Last night I attended three very different events.
The first was an information session regarding the new Local Market Co-op. A collective of earnest, grassroots social innovators that are helping to revitalize one of the empty storefronts in downtown Stratford with a grocery store that will feature local producers and purveyors, and has an eye on eventually producing from their site as well.
The project is being driven by a group of people that I have a great deal of respect for. They’ve seen a need, they’ve done the research in the form of a feasibility study and looking at other co-operative models, and now they’re acting on that need. I think it’s so incredibly brave, and the energy that they’re bringing to this venture is so positive that I vow to do all that I can to support them and their success, which starts with a $150/yr subscription. Look for the opening on June 1st(ish)…
From that meeting, I headed over to the fabulous Factory 163, where I had been the night before attending a very unique networking event, to watch some storytellers in action. The Factory is another site that is very special in Stratford, and the women that run it are another example of social innovators that open their space to creatives and community builders and will hopefully reap the rewards of being that unique supportive and collaborative space.
The storytellers and their stories were very diverse and all wonderfully engaging. I love the idea of a community of people coming together to either practice their craft or share some of who they are by letting us into their lives one small tidbit at a time. I’ve committed to sharing a story at an upcoming event, now I just have to choose one that my friends and family haven’t all heard five times already…
Note: There’s a storytelling festival being held in St. Marys from June 1-4 put on by Once Upon A Thames. They’re still looking for a few storytellers for their Story Slam on June 1st, so if you’re interested in sharing your story, please get in touch…
I left the storytelling event to go watch the Iron Chef Waterloo event at Nik & Nat’s Uptown 21 with my good friend Shawn from Simple. Fish and Chips (and new friend Tim from The Church). This event has become quite legendary in foodie circles in Perth County and Waterloo Regions and I was so pleased to be able to be witness to it live. I ran into a number of local friends that were also there watching the cook-off live, and what made the night even more special for me was having people stop me and introduce themselves to me because they recognized me from Twitter. Talk about an engaged and warm community!
The event at Uptown21 was extraordinary to watch; literal poetry (or food porn) in motion. Young chefs, that obviously love what they do, sweating it out and working in a shared kitchen space to create amazing tastes and dishes for no other reason than to enjoy the camaraderie, share their love of cooking and food with the hosts and the gathered crowd, and raise money for a local charity. Even though the team from Langdon Hall was declared the official winner over Six Thirty Nine, everyone that was there was a clear winner to have just been a part of the experience.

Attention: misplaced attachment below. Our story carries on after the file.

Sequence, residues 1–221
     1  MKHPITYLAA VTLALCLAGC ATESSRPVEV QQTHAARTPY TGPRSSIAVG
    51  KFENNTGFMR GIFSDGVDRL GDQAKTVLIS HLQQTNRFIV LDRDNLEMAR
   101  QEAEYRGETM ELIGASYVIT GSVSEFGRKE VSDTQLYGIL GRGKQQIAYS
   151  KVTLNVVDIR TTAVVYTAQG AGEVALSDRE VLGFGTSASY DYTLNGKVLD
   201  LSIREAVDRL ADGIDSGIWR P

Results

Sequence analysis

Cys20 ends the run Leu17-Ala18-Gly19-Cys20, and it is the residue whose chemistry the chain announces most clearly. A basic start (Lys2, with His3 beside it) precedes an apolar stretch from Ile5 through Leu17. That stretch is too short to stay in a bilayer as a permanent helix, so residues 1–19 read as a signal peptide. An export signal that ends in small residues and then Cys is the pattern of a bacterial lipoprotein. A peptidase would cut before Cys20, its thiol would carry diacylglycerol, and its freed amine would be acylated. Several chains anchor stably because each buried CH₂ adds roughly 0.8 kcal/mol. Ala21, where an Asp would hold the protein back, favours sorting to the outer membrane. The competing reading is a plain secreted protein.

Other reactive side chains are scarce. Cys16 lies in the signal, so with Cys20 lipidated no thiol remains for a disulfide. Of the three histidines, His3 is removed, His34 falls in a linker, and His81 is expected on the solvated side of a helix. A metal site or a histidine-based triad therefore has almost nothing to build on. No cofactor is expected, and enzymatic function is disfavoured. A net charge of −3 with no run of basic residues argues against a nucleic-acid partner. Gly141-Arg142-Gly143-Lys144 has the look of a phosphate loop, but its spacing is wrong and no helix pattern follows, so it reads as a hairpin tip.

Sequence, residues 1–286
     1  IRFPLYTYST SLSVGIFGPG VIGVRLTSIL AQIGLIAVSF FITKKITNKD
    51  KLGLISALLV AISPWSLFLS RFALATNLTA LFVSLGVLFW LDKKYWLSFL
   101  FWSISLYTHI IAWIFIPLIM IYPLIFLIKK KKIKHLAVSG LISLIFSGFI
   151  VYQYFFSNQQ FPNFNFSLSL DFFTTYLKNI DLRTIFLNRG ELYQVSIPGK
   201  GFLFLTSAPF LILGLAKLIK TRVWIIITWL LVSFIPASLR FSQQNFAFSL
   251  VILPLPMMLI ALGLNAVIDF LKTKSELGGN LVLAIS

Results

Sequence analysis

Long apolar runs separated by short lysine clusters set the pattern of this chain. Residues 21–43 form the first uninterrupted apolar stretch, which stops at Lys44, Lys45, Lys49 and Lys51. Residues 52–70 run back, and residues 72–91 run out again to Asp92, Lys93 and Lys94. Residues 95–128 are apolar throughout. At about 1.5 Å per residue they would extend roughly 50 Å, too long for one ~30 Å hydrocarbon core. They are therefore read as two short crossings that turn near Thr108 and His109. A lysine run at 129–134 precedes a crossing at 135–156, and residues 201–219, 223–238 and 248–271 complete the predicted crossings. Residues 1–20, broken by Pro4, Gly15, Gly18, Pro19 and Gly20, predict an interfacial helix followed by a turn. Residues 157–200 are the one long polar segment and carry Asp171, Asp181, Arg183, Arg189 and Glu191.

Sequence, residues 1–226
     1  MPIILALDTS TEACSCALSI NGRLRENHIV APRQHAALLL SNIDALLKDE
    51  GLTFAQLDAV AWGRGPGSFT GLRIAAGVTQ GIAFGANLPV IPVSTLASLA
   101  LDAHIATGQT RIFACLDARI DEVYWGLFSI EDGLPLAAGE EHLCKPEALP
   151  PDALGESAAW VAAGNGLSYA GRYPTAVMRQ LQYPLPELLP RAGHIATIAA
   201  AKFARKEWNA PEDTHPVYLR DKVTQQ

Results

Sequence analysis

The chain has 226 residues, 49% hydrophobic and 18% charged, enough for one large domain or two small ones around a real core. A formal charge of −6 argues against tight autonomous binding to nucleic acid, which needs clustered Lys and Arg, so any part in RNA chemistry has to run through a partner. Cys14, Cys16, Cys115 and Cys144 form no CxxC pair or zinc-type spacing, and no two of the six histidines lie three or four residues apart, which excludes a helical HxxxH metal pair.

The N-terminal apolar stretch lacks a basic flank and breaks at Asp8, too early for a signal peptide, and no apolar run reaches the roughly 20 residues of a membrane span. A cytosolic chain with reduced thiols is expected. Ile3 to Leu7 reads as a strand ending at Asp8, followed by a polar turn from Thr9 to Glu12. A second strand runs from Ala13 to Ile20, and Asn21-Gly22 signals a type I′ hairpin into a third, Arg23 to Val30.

Each stop last night clearly had it’s own unique narrative, but there were many common themes throughout them all; community, connecting, sharing, building, exploring, innovating. How spectacular!
At the Local Market Co-op, their story is about people, working as a community for the betterment of the community. Their story is about action.
At the Factory163 storytelling event, while the story may literally be the story, it’s also about sharing wonderful, strange, embarrassing, revealing insights that give us a glimpse into one’s life and the events that shape one’s character. Those stories are about “us”.
And at Iron Chef Waterloo, that story is about how food goes from farm to table and all the hands that have a part it that journey. It’s about local farmers, a community of foodies, chefs and business people that support and show regard for the greater community, the ingredients, and the process.
When I was younger, I used to scoff at storytellers. I thought that films and TV shows and everything about them was a waste of time; that there were so many more compelling issues and important challenges that deserved our time and energies.
The reality is of course, that all action, all human activity is part of a story. It’s our stories from our past or those stories that we’re actively forming by living them that makes the us part of the whole.
When I was 13 years old, I wrote the following poem (be kind, I was 13):
My life is a canvas
Everyone leaves their own mark with their own style and colour
From the man who asks the time
To the friend I’ve always had
To all the people who entered my life
You made a masterpiece.
I love being older now and having a more active role in how my next chapters unfold and welcoming all of the wonderful, warm, and challenging characters that are already central characters and those that I’ve yet to meet who will be a part of that. I am ready to flip the page.